Process evaluation, fidelity of implementation and other monitoring procedures were also piloted during this initial formative stage of the study. Pilot teachers were asked to complete a process evaluation form for each activity immediately after conducting the lesson. The process evaluation forms required comment on level of completion, student response, teacher response and suggestions to retain or modify each activity. Teachers sent these forms to the research team immediately after completion of each lesson. This information provided an ongoing list of suggested modifications and impressions that were used to revise the SHAHRP intervention before the main study.

Evaluation Workshop

An evaluation workshop was conducted at the conclusion of the pilot to further refine the SHAHRP intervention. The workshop was attended by the pilot teachers, the primary writer of the intervention, and the SHAHRP research team. A triangulation of measures was adopted to assess the intervention including teacher and student monitoring. Each activity was discussed and assessed by the pilot teachers, according to intention, content, methods, relevance to age, timing and training. The process evaluation forms, which required comment on level of activity completion, student response, teacher response and suggestions to retain or modify for each activity, were reviewed. Each teacher also provided written student comments about what the young people liked and disliked about the intervention and recommendations for improvements.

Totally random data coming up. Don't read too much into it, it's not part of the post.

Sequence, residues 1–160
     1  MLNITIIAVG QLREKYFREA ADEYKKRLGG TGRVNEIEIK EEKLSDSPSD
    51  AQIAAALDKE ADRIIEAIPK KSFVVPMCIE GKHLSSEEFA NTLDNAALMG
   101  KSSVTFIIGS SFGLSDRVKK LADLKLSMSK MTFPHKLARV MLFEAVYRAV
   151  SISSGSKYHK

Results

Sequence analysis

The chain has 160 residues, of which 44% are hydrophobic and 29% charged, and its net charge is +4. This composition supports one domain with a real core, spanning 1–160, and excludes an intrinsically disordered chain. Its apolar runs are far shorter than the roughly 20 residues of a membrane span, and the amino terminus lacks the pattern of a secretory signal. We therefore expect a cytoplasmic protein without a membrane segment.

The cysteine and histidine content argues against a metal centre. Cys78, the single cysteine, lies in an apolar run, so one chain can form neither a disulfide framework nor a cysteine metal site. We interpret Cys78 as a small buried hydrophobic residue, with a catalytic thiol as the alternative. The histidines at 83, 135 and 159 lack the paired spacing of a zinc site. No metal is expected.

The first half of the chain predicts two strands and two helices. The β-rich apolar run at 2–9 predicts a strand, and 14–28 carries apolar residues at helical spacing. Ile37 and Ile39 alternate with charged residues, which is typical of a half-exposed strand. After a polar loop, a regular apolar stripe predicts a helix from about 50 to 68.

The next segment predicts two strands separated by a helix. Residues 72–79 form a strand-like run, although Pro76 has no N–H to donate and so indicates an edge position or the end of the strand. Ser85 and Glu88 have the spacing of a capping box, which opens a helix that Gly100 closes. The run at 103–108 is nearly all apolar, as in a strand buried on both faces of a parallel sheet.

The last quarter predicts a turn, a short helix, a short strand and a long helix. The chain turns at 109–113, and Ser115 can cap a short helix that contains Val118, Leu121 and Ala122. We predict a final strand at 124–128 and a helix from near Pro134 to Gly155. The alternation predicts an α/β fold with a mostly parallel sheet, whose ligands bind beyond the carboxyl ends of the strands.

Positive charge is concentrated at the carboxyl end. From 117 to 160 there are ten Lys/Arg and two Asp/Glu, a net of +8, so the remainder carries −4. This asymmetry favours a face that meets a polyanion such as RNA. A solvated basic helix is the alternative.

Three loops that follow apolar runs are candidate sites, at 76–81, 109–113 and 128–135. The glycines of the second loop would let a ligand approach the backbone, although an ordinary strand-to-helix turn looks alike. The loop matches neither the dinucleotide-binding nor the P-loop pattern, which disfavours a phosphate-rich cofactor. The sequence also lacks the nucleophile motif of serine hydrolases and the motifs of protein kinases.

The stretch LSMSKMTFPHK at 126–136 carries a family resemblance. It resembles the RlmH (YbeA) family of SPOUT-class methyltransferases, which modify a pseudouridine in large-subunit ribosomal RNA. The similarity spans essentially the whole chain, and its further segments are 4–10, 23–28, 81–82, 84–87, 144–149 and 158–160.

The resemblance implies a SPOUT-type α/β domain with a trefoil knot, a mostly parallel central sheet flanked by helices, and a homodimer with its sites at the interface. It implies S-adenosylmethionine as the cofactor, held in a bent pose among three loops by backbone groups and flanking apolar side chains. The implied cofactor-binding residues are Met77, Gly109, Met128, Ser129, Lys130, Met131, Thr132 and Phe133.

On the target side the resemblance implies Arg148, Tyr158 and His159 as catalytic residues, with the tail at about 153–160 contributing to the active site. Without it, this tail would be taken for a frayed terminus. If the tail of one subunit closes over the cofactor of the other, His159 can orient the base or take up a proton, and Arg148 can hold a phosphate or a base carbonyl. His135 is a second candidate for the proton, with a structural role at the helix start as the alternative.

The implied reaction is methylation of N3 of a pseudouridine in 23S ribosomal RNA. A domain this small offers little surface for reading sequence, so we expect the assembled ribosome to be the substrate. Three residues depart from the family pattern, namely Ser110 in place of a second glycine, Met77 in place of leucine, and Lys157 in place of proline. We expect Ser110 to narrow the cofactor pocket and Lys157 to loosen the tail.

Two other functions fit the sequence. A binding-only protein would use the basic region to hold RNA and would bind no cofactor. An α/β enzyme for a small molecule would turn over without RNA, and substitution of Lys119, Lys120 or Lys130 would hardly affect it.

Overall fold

These recommendations were incorporated into the SHAHRP intervention prior to longitudinal assessment of the program. One of the most valuable aspects of the pilot process was ‘testing the SHAHRP intervention in the real world' of the classroom, thereby gaining insight into the potential effectiveness of the harm reduction program that incorporated evidence within the school setting.

Study Design

The SHAHRP Randomised Controlled Trial was an efficacy study based on a quasi-experimental, intervention research design. The study explored the effects of a student focused, secondary school, alcohol curriculum program on young people’s alcohol-related knowledge, attitudes, patterns and context of alcohol use and alcohol related harm. The study reflects the Australian National Drug Strategy by adopting a harm minimisation approach; in this case, aiming to reduce the level of alcohol-related harm in young people who drink alcohol, and to reduce the harm experienced by those young people who do not drink alcohol, but socialise with others who do drink. Figure 1 provides an overview of the study design including phases of intervention and data collection.